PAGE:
Four ways your meter can mess you up – don't assume your camera is always right!

Exposure compensation
(Image credit: Chris George)

Most of the time you can frame up a shot, press the shutter release, get a perfectly exposed image and not give your camera’s exposure metering another thought.

But then another time you might wonder why the lush, dark foliage in your woodland scene has come out pale and wishy-washy, or why the bride’s dress is gray not white, or why that contrasty sunlit urban scene has been so badly overexposed. (Did you actually ask the camera to exposure for the shadows? No, it decided that on its own.)

So don’t assume your camera metering system knows best. Often it does, sometimes it doesn’t. However powerful your camera, however many zones the metering system has, however much deep learning AI has gone into its development, it’s just a dumb machine pretending not to be.

Here are four ways it can go wrong, why, and what you can do about it.

The camera doesn't know whether you want a silhouette or a backlit portrait. Only you know that. (Image credit: Digital Camera World)

1. It doesn’t know what you want

All digital cameras offer ‘multi-pattern’ metering or similar systems that measure light across the whole scene and use image database matching or complex algorithms to determine what the ‘best’ exposure should be.

‘Best’, in this instance, refers to what most photographers appear to have wanted most of the time in similar lighting situations in the past. It doesn’t mean it’s right, or that it reflects your intentions.

However powerful your camera, however many zones the metering system has, however much deep learning AI has gone into its development, it’s just a dumb machine pretending not to be.

For example, when taking a portrait against the light or a bright background, do you want a silhouette or an exposure adjusted for your subject? One time it might be a silhouette that you want; another time it might be a high-key backlit portrait. The camera doesn’t know. Only you know.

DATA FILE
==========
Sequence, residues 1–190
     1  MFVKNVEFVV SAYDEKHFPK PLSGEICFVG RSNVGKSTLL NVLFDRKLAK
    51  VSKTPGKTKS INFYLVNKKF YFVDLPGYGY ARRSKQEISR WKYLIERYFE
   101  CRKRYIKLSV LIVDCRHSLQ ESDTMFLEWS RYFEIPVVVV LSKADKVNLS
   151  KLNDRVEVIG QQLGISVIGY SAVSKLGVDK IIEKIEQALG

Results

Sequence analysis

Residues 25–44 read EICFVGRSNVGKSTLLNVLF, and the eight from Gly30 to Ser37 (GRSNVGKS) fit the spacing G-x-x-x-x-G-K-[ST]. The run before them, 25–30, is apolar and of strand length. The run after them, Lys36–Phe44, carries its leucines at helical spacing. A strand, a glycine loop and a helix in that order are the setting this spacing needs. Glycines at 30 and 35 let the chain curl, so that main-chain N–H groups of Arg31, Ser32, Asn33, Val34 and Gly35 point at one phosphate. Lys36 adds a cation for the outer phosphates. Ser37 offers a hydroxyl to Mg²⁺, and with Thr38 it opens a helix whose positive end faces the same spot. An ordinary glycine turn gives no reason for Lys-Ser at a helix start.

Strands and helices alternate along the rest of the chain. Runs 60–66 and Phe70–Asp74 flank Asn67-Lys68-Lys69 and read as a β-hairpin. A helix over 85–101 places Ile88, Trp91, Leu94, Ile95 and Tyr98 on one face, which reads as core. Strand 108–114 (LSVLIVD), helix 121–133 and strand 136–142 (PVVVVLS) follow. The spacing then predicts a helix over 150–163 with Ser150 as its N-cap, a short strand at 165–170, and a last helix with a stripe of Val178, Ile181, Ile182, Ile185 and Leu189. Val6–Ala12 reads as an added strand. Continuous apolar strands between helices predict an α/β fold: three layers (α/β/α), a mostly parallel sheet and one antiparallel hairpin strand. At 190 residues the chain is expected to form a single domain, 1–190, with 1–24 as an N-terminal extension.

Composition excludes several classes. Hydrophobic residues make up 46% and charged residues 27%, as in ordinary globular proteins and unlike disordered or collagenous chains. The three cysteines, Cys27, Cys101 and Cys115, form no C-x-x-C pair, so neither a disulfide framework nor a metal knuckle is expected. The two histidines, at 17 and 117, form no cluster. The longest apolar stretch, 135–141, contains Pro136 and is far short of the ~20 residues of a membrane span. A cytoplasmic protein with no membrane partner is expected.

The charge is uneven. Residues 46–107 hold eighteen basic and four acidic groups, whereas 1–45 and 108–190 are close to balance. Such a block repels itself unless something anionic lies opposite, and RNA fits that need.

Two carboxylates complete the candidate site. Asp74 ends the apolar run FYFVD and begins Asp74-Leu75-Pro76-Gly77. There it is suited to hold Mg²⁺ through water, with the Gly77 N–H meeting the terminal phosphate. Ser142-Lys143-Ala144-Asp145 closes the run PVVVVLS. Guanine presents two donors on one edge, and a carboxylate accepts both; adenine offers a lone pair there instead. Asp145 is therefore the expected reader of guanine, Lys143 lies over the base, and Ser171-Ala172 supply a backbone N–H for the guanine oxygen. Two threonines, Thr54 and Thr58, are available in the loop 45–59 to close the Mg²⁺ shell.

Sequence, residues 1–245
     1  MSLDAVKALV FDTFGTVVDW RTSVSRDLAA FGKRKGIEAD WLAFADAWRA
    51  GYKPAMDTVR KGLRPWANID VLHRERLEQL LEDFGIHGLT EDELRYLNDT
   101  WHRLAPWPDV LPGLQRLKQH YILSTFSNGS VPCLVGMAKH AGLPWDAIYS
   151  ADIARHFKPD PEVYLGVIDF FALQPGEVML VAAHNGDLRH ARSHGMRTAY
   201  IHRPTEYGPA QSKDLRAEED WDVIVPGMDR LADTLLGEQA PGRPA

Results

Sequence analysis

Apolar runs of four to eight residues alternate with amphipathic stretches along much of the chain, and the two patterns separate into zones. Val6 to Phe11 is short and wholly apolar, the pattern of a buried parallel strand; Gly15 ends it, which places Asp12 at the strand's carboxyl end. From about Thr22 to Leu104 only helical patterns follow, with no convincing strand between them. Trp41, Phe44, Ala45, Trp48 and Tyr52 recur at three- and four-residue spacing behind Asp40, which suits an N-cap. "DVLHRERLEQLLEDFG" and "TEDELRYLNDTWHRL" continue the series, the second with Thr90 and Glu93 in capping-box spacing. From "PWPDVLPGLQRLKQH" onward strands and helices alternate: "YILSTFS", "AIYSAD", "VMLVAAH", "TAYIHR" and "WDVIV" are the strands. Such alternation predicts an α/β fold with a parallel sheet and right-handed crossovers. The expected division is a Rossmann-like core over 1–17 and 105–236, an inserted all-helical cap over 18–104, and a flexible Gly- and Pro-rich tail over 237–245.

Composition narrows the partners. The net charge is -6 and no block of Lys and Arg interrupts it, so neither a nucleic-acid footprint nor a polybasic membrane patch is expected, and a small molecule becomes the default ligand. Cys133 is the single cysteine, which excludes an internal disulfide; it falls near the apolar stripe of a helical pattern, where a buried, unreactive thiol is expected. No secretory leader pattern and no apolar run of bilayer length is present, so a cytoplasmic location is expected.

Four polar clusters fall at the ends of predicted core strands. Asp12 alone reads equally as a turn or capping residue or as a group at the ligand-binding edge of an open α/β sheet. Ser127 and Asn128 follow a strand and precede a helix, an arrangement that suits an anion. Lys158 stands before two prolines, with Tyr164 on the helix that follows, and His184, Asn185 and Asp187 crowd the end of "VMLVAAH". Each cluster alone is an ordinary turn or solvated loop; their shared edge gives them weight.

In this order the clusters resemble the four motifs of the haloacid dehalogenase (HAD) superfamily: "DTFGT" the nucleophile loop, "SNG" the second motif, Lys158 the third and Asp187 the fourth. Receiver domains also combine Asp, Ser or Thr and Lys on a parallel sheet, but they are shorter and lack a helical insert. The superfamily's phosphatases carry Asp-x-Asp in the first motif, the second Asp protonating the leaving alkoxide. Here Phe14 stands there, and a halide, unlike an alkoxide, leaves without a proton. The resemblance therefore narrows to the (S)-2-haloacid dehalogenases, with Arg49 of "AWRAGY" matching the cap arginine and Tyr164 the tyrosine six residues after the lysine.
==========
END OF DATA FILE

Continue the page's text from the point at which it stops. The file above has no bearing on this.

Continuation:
(There is an underlying suggestion that your camera can make you a better photographer by applying the learnings of others. You may prefer to apply the learnings of yourself.)

Multi-pattern or 'matrix' metering is very clever but it doesn't tell you what it's going to do. Simpler center-weighted or spot modes are less sophisticated but easier to predict. (Image credit: Digital Camera World)

2. You don’t know what it’s going to do

Multi-pattern metering systems are complex. They make a whole series of judgements and decisions you don’t know anything about. Very often they make a really good guess that you could hardly improve on even if you measured the exposure manually.

Sometimes they don’t. Sometimes they tend towards overexposure in the belief that the thing in the middle of the frame, or the largest thing in the frame, is the main subject and that’s what you want correctly exposed.

So the issue here is unpredictability. That’s why cameras still offer center-weighted and ‘averaged’ metering modes. These are cruder in the way they read the light, but much easier for photographers to second-guess.

Any engineer will tell you that to stop a system going wrong you have to understand what it's going to do. Which is difficult if nobody knows.

We couldn't get a black cat in a coal cellar or a white cat in a snowstorm, but this should give you an idea of the issue of subject tones. It affects more than just cats. (Image credit: Future)

3. It doesn’t know light from dark

This sounds counter-intuitive. Of course the camera can measure the amount of light in the scene. However, it has no idea whether the amount of light comes from the strength of the illumination, or the innate tone of the subject.